Blueberry-picking plaza is among the first of many Interurban Trail improvements Lynnwood plans

One section of a planned trail access project includes edible berries. See more about this project in this PDF.

So you’re biking on the Interurban North bike route that connects Seattle to Everett and many communities in between, and you get to 40th Ave W. You’re about halfway between downtown Seattle and downtown Everett. You could probably use a snack.

Well, Lynnwood’s got you covered. The first project of their nearly-complete Interurban Trail Master Plan is scheduled to open later this year, and it features something I’m not sure I’ve seen before in a trail plan: Edible berry bushes planted specifically so folks passing by can stop for a very fresh snack.

Work is also nearing completion on a filling in a short trail gap between 212th St SW and Hall Lake.

Lynnwood’s City Council will discuss the 20-year master plan for their 3.8-mile section of the trail September 17. In the meantime, you can check out the concept below (images from the latest draft PDF):

More details from the City of Lynnwood:

The Interurban Trail is a 24-mile, regional, nonmotorized trail that stretches from Shoreline to Everett along the route once used by electric interurban rail cards. Lynnwood’s portion of the Interurban Trail is 3.8-miles long, continuing from Mountlake Terrace from the south at 212th St SW to the north end of the Alderwood shopping mall at the intersection of Ash Way and Maple.

With the pending completion of the last major missing-link of the corridor to further separate the trail from motorized traffic at 212th St SW, Lynnwood is shifting it’s focus to improving the overall utility and aesthetic of the trail through landscaping and amenities in order to create a safe and comfortable pedestrian and bicyclist environment that betters serves the community.

A planning effort to create a 20-year master plan with the aim to better understand the community’s needs of the Interurban Trail, how it can function better, and support improvements to be a stronger community asset began is nearing completion. The draft report is currently available for review and comment at: http://www.lynnwoodwa.gov/City-Services/Engineering-Services/Public-Projects-and-Programs/Parks-and-Trails/Interurban-Trail-Improvements.htm . The final report will be presented to the Lynnwood City Council on Monday, September 17, 2018.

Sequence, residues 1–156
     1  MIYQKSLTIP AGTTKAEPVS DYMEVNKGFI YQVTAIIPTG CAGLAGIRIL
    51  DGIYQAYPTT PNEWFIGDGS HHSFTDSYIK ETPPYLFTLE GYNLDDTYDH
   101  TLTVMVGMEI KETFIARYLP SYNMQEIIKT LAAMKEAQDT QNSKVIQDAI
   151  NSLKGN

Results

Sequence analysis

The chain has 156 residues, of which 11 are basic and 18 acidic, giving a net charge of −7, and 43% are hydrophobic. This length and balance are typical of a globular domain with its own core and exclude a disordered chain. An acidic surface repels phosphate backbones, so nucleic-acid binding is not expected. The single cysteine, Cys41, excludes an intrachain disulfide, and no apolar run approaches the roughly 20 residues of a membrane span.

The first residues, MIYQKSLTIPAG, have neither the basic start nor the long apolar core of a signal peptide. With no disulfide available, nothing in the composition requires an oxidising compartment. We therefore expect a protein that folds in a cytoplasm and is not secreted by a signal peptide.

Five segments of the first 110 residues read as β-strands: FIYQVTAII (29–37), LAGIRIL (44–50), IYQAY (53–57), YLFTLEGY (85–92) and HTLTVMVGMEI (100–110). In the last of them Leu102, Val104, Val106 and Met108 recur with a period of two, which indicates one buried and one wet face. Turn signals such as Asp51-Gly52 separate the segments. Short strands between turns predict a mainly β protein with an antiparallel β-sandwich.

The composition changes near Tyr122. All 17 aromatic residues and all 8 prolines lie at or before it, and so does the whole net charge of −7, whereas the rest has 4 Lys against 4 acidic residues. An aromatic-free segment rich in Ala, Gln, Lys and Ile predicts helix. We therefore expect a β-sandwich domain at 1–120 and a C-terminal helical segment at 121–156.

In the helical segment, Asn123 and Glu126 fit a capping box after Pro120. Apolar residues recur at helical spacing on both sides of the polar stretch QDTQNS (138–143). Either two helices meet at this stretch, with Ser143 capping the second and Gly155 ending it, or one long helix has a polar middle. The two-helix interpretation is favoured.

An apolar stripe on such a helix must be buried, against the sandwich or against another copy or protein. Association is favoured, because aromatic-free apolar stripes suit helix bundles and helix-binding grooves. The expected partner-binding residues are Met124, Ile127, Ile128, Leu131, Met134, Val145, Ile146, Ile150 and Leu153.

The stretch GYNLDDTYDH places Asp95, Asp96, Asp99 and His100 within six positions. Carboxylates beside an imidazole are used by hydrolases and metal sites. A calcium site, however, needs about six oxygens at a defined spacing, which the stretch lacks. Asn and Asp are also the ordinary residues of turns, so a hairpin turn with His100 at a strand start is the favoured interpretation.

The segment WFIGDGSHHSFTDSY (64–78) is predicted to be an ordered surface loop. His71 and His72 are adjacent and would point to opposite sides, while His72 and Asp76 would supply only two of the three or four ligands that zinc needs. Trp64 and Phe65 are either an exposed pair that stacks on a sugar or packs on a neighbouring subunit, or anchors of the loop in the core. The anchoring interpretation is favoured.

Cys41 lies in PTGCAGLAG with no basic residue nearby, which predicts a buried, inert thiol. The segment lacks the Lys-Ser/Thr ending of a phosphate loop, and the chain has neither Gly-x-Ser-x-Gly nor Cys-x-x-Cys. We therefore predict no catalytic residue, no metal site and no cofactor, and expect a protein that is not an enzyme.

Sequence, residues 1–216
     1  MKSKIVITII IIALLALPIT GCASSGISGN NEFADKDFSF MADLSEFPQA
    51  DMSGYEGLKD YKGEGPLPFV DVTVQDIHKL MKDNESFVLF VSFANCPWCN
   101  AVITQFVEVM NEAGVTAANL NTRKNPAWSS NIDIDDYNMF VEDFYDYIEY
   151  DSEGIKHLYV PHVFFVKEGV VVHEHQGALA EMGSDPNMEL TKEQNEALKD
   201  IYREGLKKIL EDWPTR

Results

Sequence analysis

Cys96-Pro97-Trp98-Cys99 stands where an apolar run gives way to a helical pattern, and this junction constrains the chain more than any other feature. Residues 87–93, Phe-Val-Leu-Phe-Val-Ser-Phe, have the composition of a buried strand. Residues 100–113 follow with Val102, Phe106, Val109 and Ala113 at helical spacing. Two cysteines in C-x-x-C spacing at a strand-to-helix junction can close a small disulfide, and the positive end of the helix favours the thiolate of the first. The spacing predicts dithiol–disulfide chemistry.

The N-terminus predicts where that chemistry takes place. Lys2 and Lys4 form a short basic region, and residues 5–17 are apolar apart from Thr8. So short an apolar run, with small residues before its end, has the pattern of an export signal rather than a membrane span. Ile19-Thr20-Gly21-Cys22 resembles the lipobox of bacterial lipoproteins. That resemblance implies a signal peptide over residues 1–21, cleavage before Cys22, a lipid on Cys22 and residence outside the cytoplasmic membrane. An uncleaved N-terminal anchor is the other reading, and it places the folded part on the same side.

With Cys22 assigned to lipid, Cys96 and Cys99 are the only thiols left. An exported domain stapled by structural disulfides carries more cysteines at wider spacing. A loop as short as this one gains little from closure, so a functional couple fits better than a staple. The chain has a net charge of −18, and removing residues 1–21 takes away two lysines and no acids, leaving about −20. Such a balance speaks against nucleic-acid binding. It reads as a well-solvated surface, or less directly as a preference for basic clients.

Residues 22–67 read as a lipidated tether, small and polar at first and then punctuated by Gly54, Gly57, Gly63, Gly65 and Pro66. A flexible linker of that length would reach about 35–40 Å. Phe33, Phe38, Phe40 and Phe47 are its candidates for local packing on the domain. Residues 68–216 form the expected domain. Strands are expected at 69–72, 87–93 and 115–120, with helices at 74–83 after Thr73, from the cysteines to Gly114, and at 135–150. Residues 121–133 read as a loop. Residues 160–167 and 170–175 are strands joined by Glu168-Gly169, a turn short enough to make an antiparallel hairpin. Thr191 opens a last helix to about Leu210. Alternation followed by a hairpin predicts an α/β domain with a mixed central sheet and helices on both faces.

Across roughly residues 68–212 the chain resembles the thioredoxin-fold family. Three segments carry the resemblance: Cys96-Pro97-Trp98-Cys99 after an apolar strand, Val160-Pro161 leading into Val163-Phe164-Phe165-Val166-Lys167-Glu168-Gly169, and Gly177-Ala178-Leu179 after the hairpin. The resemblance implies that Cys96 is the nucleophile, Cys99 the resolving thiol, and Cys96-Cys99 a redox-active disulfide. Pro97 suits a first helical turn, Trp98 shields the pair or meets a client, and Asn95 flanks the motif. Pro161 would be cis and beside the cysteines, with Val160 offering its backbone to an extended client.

This plan outlines a number of improvement projects planned for the corridor including the 40th Avenue West Trailhead project currently under construction and 212th St Missing Link (see below).

For additional information, or to stay up-to-date on all the Master Plan and trail projects, sign up for eNews by clicking on the yellow “construction updates” button on the project page.

This entry was posted in news and tagged , . Bookmark the permalink.

5 Responses to Blueberry-picking plaza is among the first of many Interurban Trail improvements Lynnwood plans

  1. Brian Benson says:

    Improvement is good. :) Would be nice if this round of improvements included a real bike/ped trail on the N.E. corner of the Park and Ride lot. While the section through the parking lot is short, it’s bumpy, sharply curved, narrow in spots, and, well, not a trail. Someday maybe!

    • Andrew P Sapuntzakis says:

      Presumably it will get re-developed by ST as part of the Lynnwood Link. Currently, it’s mostly replaced by a detour through the parking lot while they drill shafts in the adjacent “nature” area.

      Fwiw, it was still better than the segment behind Target / Cost Plus / Homewood Suites, which remains essentially unused until the Maple drainage project is completed in Nov. Seems like a missed opportunity for improvements.

  2. Erik says:

    That closure at the top of the I5-405 split with no actual detour really sucks, especially if you miss the single cryptic sign 1 mile North of the closure. But at least it seems they’re getting a lot of the Interurban work done at roughly the same time. I look forward to seeing it all back together.

    • Andrew P Sapuntzakis says:

      SnoCo punted on the detour when they realized there wasn’t a safe one (164th, Filbert), though it’s not like the Maple shoulders was a great to begin with.

      Ideally, this project would have been started after an IUT flyover of the I-5/405 junction connected Beech (aka behind Target) to Maple/Butternut. But that’d be its own multi-million dollar affair.

  3. Lisa G says:

    Blueberries! Snacks in summer and glorious fall color that doesn’t make a giant leaf mess.

    Think of the path finding possibililities – {blueberry, blueberry, bike} repeat throughout the land.

Leave a Reply

Your email address will not be published. Required fields are marked *